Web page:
In years to come David Cameron's conference claim that his priorities as Prime Minister could be summed up in the three initials N-H-S, could become as iconic as Tony Blair's education, education, education.
The Tory leader certainly hopes so.
Proving his party is not the ideological opponent of the health service is clearly one of his major objectives and tomorrow he'll launch an NHS tour of Britain with a speech at the King's Fund think tank.
Mr Cameron's ditched the previous Conservative policy of providing incentives - patients passports - to encourage people to go private. Instead he'll call for more power for professionals and patients within the NHS and less interference from central government.
An independent board would take responsibility for commissioning health care; ministers would relinquish day to day control of the service; and, a regulator would decide how to divvy up the cash between different parts of the NHS.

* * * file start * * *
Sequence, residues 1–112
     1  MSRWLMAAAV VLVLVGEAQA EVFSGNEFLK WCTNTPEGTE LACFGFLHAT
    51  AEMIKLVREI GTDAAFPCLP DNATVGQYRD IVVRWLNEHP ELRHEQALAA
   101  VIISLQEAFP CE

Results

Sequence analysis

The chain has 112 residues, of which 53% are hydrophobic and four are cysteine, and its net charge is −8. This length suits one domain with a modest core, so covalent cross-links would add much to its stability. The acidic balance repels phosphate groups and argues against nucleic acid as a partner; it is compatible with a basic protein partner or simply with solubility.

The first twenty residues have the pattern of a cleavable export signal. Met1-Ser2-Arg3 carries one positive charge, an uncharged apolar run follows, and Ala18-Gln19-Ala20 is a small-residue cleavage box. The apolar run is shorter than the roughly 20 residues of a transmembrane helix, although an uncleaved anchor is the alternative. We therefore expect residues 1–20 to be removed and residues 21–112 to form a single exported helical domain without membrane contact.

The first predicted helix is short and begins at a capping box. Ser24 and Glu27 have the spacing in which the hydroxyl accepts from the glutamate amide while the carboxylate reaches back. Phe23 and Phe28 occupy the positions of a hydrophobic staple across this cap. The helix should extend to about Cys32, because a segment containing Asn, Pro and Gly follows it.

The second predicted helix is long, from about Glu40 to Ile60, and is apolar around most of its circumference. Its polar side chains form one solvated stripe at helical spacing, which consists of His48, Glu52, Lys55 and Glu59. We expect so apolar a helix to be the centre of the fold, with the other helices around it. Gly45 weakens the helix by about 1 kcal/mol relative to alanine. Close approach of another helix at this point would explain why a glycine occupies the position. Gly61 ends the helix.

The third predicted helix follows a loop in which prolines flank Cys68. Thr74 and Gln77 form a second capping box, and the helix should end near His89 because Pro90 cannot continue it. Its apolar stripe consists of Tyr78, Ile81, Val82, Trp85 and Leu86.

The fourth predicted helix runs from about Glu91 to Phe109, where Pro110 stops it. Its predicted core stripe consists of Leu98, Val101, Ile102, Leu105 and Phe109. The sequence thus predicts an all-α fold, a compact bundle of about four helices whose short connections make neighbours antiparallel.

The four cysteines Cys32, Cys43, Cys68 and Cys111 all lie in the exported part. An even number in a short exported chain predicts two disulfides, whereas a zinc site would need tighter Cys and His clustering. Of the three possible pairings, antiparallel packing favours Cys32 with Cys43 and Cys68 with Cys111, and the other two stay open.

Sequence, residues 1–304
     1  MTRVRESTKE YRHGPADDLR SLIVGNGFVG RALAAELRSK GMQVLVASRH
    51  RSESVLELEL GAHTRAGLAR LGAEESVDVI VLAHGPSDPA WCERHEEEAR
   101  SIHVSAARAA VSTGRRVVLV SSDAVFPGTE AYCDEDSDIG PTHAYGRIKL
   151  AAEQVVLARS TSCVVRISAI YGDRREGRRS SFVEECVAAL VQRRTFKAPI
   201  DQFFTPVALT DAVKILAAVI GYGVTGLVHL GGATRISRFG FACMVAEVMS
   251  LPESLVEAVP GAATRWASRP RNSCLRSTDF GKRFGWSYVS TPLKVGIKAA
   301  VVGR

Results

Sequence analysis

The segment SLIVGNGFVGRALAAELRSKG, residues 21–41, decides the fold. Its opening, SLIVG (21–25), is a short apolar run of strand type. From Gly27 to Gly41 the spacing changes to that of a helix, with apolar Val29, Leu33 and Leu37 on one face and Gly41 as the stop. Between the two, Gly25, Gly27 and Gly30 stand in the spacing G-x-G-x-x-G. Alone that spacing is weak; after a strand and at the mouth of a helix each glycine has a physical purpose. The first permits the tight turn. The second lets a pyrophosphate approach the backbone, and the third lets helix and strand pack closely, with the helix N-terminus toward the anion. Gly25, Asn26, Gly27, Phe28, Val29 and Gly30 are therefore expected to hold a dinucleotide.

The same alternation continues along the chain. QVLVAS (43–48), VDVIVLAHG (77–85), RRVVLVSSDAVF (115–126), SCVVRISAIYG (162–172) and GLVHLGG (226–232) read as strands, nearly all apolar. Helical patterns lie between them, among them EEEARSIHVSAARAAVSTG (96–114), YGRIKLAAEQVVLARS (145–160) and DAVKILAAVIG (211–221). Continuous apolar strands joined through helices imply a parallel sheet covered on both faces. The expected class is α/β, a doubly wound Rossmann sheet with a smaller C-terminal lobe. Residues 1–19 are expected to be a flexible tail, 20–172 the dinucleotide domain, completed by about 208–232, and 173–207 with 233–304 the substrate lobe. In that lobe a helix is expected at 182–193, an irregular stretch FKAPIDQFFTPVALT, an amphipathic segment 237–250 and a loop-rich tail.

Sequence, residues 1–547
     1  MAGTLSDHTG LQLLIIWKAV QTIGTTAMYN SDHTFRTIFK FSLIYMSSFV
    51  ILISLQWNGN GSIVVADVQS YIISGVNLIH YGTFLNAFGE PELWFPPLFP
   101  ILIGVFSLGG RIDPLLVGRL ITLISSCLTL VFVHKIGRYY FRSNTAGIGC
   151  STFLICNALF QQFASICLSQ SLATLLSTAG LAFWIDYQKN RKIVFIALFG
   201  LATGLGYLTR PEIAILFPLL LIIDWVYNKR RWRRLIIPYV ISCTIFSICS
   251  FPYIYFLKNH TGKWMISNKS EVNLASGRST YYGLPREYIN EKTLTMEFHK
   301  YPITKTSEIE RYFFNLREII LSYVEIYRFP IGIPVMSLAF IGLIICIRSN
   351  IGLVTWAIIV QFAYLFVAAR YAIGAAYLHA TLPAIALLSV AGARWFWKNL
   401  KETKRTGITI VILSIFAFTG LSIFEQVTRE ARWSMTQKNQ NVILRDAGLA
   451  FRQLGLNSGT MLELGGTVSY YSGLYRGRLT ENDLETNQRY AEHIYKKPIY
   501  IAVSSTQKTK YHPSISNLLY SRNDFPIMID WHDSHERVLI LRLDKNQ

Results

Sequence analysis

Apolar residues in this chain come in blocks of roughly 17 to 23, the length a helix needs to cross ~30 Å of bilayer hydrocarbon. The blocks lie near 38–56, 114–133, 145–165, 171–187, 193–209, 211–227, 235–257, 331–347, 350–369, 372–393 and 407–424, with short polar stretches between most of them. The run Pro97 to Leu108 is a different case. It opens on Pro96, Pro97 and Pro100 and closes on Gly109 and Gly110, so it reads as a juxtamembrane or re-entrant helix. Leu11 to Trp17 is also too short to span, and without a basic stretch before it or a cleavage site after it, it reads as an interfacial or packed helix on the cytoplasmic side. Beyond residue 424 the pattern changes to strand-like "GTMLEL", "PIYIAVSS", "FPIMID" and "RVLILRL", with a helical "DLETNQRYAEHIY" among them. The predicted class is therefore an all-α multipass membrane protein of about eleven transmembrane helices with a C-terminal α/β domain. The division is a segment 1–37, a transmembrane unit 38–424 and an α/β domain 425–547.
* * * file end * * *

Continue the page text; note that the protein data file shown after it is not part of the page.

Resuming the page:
The Conservatives will oppose cuts forced by the government on trusts which are overspending. The aim: to reverse half a century of political typecasting and make not Labour but the Tories the party of the NHS. Critics of Mr Cameron complain that, yet again, it all amounts not to a policy but an exercise in PR and electoral positioning.
To answer the accusation we spoke to the Conservatives' health spokesman Andrew Lansley. David Cameron has been owning up to mistakes made by the Conservative governments of the 1980s and 1990s. Was your policy on health a mistake? Should you have spent even more?